Give me the money!

    I don't think I have ever read a book with a more pointless plot. The entire time I was reading this book, I kept thinking to myself, 'If you can't stand the fact that you have $80,000.00--give it to me! I've got about $70,000.00 worth of school loan debt I need to pay off!' I can think of 1000 charitable organizations which could've benefitted from that money rather than wasting it on a juvenile 5 day travelling spree giving it away to foreign prostitutes and homeless beggars.

    2 out of 2 people found this review helpful.

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  • Anonymous

    Posted April 15, 2004

    Pretty Good.

    This is what it is. I think it's a well written book that maybe (maybe) tries a little too hard to be clever. It's better than some books out there and worse than others.

    1 out of 2 people found this review helpful.

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  • Anonymous

    Posted February 10, 2011

    Awesome book!

    This was one of the best books I have read in years. Sadly, I have had it sitting in a shelf for years since a friend gave it to me. The title and cover are so boring (can we so bad marketing). When I finally did pick it up, though, I couldn't put it down and am now excited to find another book by Dave Eggers.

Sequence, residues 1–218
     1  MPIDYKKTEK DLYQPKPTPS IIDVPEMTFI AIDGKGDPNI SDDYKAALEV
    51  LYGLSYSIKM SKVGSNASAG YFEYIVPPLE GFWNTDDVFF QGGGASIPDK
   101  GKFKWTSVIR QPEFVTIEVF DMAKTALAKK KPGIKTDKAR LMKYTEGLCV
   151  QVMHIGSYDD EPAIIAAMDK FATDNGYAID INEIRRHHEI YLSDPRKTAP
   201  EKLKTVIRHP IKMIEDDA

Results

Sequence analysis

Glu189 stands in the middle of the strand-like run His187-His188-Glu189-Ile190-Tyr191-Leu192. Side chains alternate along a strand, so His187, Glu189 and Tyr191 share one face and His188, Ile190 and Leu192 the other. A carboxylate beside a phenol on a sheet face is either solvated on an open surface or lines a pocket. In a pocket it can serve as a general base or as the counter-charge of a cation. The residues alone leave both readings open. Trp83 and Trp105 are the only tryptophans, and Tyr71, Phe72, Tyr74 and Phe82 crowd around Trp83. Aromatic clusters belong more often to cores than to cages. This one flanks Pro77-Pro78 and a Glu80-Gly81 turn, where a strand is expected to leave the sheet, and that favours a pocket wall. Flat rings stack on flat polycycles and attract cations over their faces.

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  • Anonymous

    Posted April 9, 2010

    I Also Recommend:

    Very Much an Eggers Work

    I have read a few of Eggers other works and though I enjoyed A Heartbreaking Work of Staggering Genius and What is the What? a bit more, this is still a novel worth reading. The characters, like all people, are flawed but likable. Although the goal of the trip is to go to give away money to less fortunate areas of the world, often times Will and Hand are focused primarily on themselves, each other's flaws and mistakes, and the past even as they try to focus on helping those they see as in need now. Although this can get a bit dense and frustrating to the reader especially when the main characters actions seem irrational or ill-planned, it is nice to have a novel where the character's thoughts and actions are so human that it is refreshing.